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Food Safety Regulations That Kill

In Reason magazine, Baylen Linnekin writes about “the sickening nature of many food-safety regulations,” like the  “poke and sniff” inspection method mandated by the U.S. Department of Agriculture “that likely resulted in USDA inspectors transmitting filth from diseased meat to fresh meat on a daily basis.”

Thousands of deaths from foolish food-safety regulations have occurred in other countries.  A classic example occurred more than two centuries ago, when regional parliaments banned consumption of the potato in much of France. “Among the host of diseases the government mistakenly attributed to consumption of the tuber was leprosy.” This ban was particularly problematic because at the time, France was plagued by recurrent famines.

French officials banned the potato despite the fact that it had been widely cultivated and consumed for generations in neighboring Germany, where the potato saved the populace from starvation during the Thirty Years War of 1618 to 1648. (Many German villages that refused to cultivate the potato died out and became ghost towns due to mass starvation during the Thirty Years War, as marauding troops destroyed or confiscated above-ground crops such as wheat. Villages that grew the potato survived.  Emulating the Germans, hungry Europeans finally began eating the potato. The result was that “for the first time since the Little Ice Age began, 300 years before, Europeans became healthier, were better fed, famines were averted, and populations began to rise again. For example, over the next 200 years, the Irish population tripled.”)

The Obama administration earlier foolishly banned white potatoes from the federal WIC Program, under the theory that they aren’t healthy enough. But in reality, potatoes are perfectly healthy: they have more Vitamin C than a banana or an apple, are rich in essential minerals, contain all 8 amino acids (unlike most other staple foods like corn), and are not fattening. Only the potato, which produces much more food per acre and more cheaply than other staples, saved Europe from endemic malnutrition, and made the industrial revolution and massive population growth possible.

Places that failed to cultivate the potato, like France, experienced growing malnutrition and famines, contributing to the French Revolution. Staple foods other than the potato proved inadequate to feed Europe’s hungry people. Villagers in Europe who lived mostly on corn were mentally stunted due to Vitamin B3 deficiency, to the point where such a condition became known as “Italian leprosy” or “Italian cretinism” due to its prevalence in certain districts of northern Italy. But Irish people who lived mostly on potatoes survived, with their mental faculties intact, until the Irish potato famine destroyed their potato crop. 

Federal bureaucrats and Michelle Obama would like to curb salt intake, even though federal restrictions on salt could backfire and increase death rates. “The Department of Agriculture’s dietary guidelines still consider salt Public Enemy No. 1, coming before fats, sugars and alcohol,” notes health policy researcher Gary Taubes in a New York Times op-ed. But “eating less salt can worsen health outcomes.”

Four “studies — involving Type 1 diabetics, Type 2 diabetics, healthy Europeans and patients with chronic heart failure — reported that the people eating salt at the lower limit of normal were more likely to have heart disease than those eating smack in the middle of the normal range.”  They have failed to learn humility despite the federal government’s many past nutritional mistakes, like the carb-heavy “food pyramid” that promoted eating habits linked to obesity (a “surge in diabetes accompanied the government’s switch to the politically-inspired Food Pyramid”).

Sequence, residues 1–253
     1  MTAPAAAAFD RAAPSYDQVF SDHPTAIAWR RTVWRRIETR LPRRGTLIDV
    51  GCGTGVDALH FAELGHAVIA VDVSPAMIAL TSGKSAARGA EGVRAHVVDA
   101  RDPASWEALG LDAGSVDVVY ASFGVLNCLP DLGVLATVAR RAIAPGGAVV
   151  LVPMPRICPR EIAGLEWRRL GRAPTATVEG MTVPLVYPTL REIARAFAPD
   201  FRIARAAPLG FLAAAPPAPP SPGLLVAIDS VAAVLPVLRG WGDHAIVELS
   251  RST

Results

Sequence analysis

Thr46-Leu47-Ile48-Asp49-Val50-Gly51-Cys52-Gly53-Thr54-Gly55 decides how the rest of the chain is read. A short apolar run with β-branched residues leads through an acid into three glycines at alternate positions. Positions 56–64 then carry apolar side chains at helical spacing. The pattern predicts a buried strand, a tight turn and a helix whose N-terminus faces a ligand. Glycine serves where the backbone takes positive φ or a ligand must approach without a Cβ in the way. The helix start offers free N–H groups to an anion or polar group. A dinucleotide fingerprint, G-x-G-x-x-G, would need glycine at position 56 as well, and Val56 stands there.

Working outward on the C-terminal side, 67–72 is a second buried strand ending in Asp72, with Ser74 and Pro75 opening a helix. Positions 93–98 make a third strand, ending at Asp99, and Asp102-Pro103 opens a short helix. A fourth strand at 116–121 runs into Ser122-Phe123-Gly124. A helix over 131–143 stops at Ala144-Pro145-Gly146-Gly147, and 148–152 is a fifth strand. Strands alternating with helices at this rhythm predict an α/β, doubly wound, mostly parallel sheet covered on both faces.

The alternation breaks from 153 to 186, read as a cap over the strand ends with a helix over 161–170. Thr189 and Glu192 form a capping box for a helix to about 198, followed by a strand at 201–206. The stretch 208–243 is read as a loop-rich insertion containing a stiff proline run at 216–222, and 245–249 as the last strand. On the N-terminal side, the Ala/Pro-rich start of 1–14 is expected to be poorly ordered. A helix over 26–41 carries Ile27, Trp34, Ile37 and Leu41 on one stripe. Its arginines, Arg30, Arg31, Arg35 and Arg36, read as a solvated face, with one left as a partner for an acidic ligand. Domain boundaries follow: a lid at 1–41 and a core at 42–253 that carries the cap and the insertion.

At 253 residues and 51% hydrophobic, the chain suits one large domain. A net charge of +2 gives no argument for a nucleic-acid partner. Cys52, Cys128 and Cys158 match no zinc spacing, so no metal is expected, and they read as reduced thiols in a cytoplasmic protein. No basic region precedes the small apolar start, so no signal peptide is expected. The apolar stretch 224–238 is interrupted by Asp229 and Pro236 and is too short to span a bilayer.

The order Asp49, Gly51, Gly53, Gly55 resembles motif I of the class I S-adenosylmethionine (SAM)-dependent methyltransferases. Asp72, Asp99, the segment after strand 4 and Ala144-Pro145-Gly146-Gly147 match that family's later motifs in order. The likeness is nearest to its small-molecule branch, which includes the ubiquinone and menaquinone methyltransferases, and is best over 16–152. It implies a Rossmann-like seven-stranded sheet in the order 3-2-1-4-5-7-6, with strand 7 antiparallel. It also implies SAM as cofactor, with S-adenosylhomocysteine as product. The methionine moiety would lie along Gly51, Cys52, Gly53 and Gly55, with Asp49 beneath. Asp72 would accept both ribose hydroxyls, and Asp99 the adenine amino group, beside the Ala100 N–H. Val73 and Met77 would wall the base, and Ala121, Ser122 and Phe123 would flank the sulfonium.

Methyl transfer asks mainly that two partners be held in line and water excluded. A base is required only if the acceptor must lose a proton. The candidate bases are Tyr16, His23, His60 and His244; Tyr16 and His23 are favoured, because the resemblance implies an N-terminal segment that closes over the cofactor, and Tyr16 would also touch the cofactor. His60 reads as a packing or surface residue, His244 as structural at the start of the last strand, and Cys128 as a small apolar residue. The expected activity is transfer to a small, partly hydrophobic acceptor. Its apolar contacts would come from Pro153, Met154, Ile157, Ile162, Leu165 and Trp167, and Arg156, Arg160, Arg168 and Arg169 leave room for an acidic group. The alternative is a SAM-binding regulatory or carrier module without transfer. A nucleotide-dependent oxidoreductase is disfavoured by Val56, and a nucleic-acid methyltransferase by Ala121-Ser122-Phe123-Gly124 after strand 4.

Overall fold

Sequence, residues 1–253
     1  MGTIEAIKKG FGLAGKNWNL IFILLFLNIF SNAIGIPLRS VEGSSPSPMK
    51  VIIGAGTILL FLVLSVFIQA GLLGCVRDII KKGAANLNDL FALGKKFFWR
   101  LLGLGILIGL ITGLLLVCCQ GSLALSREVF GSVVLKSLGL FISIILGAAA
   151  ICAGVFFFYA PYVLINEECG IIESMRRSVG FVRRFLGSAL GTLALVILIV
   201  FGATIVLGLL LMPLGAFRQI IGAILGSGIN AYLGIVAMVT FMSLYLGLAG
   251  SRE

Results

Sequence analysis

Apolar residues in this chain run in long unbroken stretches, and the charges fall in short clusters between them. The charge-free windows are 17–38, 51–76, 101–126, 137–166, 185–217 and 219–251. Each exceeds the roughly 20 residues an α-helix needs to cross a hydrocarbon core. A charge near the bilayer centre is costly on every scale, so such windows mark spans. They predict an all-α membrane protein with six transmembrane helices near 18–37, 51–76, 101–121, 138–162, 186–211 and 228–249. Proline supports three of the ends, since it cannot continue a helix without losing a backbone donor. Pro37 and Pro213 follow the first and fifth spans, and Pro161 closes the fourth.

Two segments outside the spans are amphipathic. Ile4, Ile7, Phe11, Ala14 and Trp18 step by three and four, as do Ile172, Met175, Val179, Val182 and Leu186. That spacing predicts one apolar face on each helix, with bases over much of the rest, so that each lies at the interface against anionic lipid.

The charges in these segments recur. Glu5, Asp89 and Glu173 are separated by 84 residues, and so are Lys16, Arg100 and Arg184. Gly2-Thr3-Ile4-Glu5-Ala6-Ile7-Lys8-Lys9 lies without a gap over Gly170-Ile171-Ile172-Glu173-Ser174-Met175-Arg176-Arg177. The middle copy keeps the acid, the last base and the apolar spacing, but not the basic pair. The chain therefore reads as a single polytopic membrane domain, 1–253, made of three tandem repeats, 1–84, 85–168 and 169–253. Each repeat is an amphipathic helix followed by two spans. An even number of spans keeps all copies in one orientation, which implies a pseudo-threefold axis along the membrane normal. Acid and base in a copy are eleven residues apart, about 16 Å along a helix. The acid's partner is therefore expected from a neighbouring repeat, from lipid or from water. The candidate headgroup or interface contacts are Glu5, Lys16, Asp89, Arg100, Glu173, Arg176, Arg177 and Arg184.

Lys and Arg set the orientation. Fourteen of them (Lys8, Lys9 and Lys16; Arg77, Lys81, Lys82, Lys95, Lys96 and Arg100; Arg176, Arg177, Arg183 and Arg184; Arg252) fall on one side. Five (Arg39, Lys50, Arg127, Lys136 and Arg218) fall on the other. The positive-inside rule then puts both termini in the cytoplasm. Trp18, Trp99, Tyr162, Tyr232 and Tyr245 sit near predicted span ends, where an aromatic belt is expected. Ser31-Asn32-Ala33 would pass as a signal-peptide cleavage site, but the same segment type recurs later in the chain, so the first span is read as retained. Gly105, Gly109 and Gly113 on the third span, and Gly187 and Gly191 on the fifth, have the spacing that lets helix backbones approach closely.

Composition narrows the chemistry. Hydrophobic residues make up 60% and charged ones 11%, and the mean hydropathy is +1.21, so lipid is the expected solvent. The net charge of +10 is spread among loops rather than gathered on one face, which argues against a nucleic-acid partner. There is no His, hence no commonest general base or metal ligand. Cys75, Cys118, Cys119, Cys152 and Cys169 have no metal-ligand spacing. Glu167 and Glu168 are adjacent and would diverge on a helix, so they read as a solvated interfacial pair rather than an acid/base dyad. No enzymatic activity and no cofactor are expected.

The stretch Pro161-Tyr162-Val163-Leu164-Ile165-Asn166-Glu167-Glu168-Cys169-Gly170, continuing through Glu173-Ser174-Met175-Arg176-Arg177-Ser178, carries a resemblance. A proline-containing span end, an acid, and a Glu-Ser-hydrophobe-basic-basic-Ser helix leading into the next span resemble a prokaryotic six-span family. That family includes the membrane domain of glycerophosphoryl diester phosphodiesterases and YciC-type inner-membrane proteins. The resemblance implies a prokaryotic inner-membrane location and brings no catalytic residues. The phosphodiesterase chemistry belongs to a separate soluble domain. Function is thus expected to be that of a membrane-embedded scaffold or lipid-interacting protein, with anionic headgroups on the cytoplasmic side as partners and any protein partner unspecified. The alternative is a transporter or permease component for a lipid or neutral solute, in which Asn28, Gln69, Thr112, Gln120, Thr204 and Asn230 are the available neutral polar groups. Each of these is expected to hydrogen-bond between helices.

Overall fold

Linnekin’s article was occasioned by the bureaucratic log-jam resulting from Congress’s passage of the “Food Safety Modernization Act.” CEI biotechnology expert Greg Conko has criticized that law, which will “leave tens of thousands of small and mid-sized farms and food stands to be crushed under the weight of rules designed for some of the world’s largest food processors.” Absent regulatory exemptions, the new law would drive “out of business local farmers and artisanal, small-scale producers of berries, herbs, cheese, and countless other wares, even when there is in fact nothing unsafe in their methods of production,” said legal commentator Walter Olson.

Even as the federal government demonizes salt, it simultaneously subsidizes the development of high-calorie foods that benefit politically connected agribusinesses. The Obama administration spent $766,000 of your tax dollars to open an International House of Pancakes in an urban area, despite IHOP’s sugary fare. In short, the government does not know how to distinguish between “good” and “bad” foods.

The government’s foolishness regarding food safety and public health is one more reason not to give it control of our healthcare system, the way the Supreme Court’s 5-to-4 decision on Thursday did. Obamacare will harm the health care system. The Dean of Harvard Medical School, Jeffrey Flier, noted that Obamacare will reduce life-saving medical innovation. Obamacare is also causing layoffs in the medical device industry.

Source: CEI

HansBader150x150 Hans Bader

Senior Attorney and Counsel for Special Projects

CEI's Counsel for Special Projects is Hans Bader. Coming to CEI in 2003, Hans's prior casework has included suits involving the First Amendment, federalism, and civil rights issues. He graduated from the University of Virginia with a B.A. in economics and history, and later earned his J.D. from Harvard Law School. Just before joining CEI, Hans was Senior Counsel at the Center for Individual Rights.

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